|Trauma therapist earns doctorate|
|Thursday, May 10 2012 11:00|
Sarilee Kahn, daughter of Rita and Gilbert Kahn, has earned her doctorate from New York University’s Silver School of Social Work, where her qualitative research focused on the asylum-seeking and resettlement experiences of gay Muslim men and Muslim women subjected to female genital mutilation.
Based in New York City, Kahn is currently a trauma therapist and staff wellness consultant for international humanitarian organizations, providing crisis intervention, counseling and training for national and expatriate staff around the world. Current client organizations include Doctors of the World-USA, for which Kahn is co-director of the Psychosocial Care Unit, the International Rescue Committee, and American Jewish World Service. Kahn has been deployed to several high-stress environments, including Liberia, Afghanistan and Iraq to provide psychological first aid to national and international staff in the aftermath of traumatic events.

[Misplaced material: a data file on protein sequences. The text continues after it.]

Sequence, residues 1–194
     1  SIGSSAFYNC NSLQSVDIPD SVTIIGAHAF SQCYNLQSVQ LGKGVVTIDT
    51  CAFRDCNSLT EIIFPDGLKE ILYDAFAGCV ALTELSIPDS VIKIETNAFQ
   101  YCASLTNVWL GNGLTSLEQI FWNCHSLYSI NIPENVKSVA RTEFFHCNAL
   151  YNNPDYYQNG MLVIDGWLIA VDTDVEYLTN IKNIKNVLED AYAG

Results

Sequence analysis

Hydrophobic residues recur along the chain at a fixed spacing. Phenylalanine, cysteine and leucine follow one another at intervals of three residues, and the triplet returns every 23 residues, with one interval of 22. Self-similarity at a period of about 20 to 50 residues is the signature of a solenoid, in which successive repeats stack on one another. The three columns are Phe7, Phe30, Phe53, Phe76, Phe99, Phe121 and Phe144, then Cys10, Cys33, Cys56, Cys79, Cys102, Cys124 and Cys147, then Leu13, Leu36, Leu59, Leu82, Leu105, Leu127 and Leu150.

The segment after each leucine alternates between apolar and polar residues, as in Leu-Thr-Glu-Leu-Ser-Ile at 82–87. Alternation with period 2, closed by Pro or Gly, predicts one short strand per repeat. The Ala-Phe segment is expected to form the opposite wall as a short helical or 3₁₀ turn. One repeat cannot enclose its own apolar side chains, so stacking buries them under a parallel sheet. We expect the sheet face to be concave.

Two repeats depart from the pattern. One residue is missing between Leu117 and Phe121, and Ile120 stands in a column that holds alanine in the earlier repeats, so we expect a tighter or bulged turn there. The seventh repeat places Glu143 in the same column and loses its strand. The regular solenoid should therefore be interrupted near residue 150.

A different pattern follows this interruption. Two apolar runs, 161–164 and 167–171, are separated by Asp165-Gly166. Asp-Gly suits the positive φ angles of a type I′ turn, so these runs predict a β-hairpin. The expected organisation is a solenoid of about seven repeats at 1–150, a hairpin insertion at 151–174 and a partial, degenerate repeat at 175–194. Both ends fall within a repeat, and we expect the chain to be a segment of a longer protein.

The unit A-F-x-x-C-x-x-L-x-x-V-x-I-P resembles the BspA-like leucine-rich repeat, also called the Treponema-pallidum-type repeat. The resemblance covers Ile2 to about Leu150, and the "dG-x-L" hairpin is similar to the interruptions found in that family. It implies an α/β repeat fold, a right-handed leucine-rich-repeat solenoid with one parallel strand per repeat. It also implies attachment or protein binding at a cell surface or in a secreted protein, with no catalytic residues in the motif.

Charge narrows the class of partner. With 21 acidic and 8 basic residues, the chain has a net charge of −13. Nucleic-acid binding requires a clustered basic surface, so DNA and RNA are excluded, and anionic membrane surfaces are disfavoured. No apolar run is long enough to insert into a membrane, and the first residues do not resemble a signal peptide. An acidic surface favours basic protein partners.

Kahn began her work with humanitarian organizations in 1994, when she served as coordinator of a psychosocial program for internally displaced children and families in Bosnia for the International Medical Corps. In 1997, she returned to Bosnia — with Physicians for Human Rights — to develop psychosocial programs for communities during exhumations of mass graves in the aftermath of the massacre at Srebrenica. She held similar roles with Physicians for Human Rights during exhumations in Kosovo, Cyprus and Greece.
From 1999-2008, she served as director of the Cross-Cultural Counseling Center at the International Institute of New Jersey, where she helped launch the Institute’s Program for Survivors of Torture, and launched New Jersey’s first statewide Anti-Human Trafficking initiative.